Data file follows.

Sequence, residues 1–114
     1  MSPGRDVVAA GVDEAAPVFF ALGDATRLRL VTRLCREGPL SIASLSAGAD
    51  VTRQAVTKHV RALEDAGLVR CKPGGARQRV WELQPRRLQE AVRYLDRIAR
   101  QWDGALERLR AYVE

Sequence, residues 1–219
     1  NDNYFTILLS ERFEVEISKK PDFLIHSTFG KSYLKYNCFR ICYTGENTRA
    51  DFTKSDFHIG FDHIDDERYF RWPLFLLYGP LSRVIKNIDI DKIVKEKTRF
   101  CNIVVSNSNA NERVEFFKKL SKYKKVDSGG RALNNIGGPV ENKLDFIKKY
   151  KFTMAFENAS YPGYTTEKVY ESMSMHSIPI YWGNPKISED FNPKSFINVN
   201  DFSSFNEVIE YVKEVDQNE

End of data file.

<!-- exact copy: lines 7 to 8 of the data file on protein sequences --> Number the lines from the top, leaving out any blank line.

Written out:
    51  DFTKSDFHIG FDHIDDERYF RWPLFLLYGP LSRVIKNIDI DKIVKEKTRF
   101  CNIVVSNSNA NERVEFFKKL SKYKKVDSGG RALNNIGGPV ENKLDFIKKY